Many years ago, when I was at the bottom of the pecking order in a newsroom, it was my job to sort the morning mail and distribute it to the reporters.
I worked with a lovely woman named Gaynor Loriman. Every month or so, Gaynor received a mailed newsletter from the South Korean embassy in New Zealand. It was addressed to Gay Nor Fori Mar.
Years later, when I was picture editor at another newspaper, I got my very own letter from the Korean embassy. In the days before digital pictures, they had kindly sent me an updated head-and-shoulders file photograph of their beloved president. I opened the cardboard cylinder and pulled out a poster, measuring 1 metre by 1.5 metres.
This is the same nation that went on to give us Psy and Gangnam Style. That, I guess, is just how the quirky South Koreans roll.
I have been pondering these past few days about how the FEI rolls, as we digest the two FEI Tribunal decisions relating to the series of rides in the United Arab Emirates (UAE) in which the results inexplicably mirrored those of previous races.
The equestrian journalist Pippa Cuckson broke the story in Britain’s Telegraph newspaper about a year ago.
As sporting scandals go, it was a doozy – the veritable Mother of All Endurance Scandals. Could it really be that these were phantom rides? Why, if the rides did indeed take place, was there the need to copy older results and submit fictitious returns to the FEI?
Well, 12 months after the story broke, I am saddened to report that a complete and definitive account of what happened has yet to emerge from Planet FEI. My theory is that the details have been trapped by the Lausanne-based world governing body’s inexorable gravitational pull, or the facts have been sucked into a mysterious black hole in the staff cafeteria.
I have, over the months, written a fair bit about this endurance scandal, based on the occasional piece or two of the jigsaw puzzle that the FEI has let fall from the box.
I expressed the view – or should I say hope – that we would eventually learn more once the FEI Tribunal had worked its magic. After all, the FEI wouldn’t want to say or do anything to jeopardize any tribunal action.
But now it’s all over and I can think of no reason why the FEI shouldn’t provide full disclosure. Because, as things stand, if you want to get any decent handle on events, you won’t find it in the missives released by the FEI. Your best bet would be to follow the work of Cuckson.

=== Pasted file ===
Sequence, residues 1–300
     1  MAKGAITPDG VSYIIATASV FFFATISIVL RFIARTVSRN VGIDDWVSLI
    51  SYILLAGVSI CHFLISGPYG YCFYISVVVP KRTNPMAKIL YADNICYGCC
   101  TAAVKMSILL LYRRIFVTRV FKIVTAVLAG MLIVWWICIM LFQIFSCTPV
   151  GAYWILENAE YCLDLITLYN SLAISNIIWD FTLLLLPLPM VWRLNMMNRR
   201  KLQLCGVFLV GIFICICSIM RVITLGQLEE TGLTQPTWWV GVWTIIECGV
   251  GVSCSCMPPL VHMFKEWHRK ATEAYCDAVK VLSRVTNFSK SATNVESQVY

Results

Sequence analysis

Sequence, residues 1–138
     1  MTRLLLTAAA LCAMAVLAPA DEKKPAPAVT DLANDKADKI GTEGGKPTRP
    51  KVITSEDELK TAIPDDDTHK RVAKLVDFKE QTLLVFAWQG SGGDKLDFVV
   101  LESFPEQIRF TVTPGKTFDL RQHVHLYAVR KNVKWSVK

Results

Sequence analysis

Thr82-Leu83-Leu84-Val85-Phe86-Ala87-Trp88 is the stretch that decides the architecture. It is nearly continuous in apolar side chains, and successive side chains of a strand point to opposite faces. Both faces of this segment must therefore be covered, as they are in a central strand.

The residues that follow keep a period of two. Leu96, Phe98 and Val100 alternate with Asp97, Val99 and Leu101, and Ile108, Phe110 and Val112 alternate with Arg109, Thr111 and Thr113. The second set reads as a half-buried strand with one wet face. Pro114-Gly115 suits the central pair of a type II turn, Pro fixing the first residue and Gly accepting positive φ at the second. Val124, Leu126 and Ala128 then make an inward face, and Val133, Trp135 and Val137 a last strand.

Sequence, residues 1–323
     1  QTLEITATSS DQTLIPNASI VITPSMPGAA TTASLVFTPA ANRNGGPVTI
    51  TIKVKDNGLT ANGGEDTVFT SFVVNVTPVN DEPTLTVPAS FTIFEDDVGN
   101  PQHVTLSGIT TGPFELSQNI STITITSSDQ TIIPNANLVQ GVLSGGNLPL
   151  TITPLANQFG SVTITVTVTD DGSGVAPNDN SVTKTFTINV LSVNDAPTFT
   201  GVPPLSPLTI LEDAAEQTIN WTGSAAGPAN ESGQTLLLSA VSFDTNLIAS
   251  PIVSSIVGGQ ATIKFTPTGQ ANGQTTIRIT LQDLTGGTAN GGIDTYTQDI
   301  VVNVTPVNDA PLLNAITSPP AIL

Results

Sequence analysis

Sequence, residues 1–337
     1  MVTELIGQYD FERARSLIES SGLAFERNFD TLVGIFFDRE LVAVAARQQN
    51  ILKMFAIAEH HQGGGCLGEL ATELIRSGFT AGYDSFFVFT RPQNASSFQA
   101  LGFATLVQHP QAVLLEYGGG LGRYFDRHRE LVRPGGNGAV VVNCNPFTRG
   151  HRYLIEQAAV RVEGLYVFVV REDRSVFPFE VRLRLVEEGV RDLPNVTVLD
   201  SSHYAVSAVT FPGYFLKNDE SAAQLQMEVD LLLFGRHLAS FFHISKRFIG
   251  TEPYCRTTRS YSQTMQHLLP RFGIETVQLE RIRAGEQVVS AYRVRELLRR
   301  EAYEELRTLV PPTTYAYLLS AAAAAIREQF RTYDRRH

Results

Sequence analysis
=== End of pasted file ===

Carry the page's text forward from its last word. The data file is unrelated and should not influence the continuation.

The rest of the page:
I get that this entire saga has been embarrassing for the FEI and damaging for endurance. And I understand that the UAE – the problem child of world endurance – appears to be suffering from Attention Deficit Disorder, and has struggled with remembering its obligations under a deal it signed with the FEI last year to abide by the rules of endurance and generally behave.
However, as things stand, there are unanswered questions over the faked-results scandal.
For example, should we be satisfied that the two people held to account before the FEI Tribunal were the only individuals culpable in this whole drama? And, in everything I have read, I am still a bit mystified over exactly how it all came to pass.
I would suggest that this could only ever happen in a comparatively small sport like endurance, which doesn’t garner widespread media attention. If this same scandal happened in a high-profile sport of any description, the media would still be camped outside the world governing body’s headquarters awaiting answers.
So, what do we know? Well, without conducting a forensic analysis of the FEI database (amended following the scandal), let’s see what the organisation has actually told us.
Climb aboard the Tardis and let’s head back to last year:
March 5, 2015: The Telegraph in Britain publishes Cuckson’s piece, in which she details how 12 races staged in the UAE since 2012 carried duplicated results from earlier events.
March 12, 2015: The FEI announces the provisional suspension of the UAE following an investigation by the FEI into major horse welfare issues and non-compliance with FEI rules and regulations in endurance. However, this suspension had nothing to do with Cuckson’s revelations. The FEI had apparently been corresponding with the UAE over welfare concerns for a while. However, its press release did conclude: “Separately, the FEI has requested the Equestrian Community Integrity Unit to conduct a full investigation into allegations of fake events and the duplication of results at FEI Endurance events in the UAE.”
April 22, 2015: The FEI announces that the UAE is appealing against its provisional suspension.
May 7, 2015: The FEI announces the release of an FEI Tribunal decision. The tribunal rejects the UAE’s bid for an interim lifting of the provisional suspension.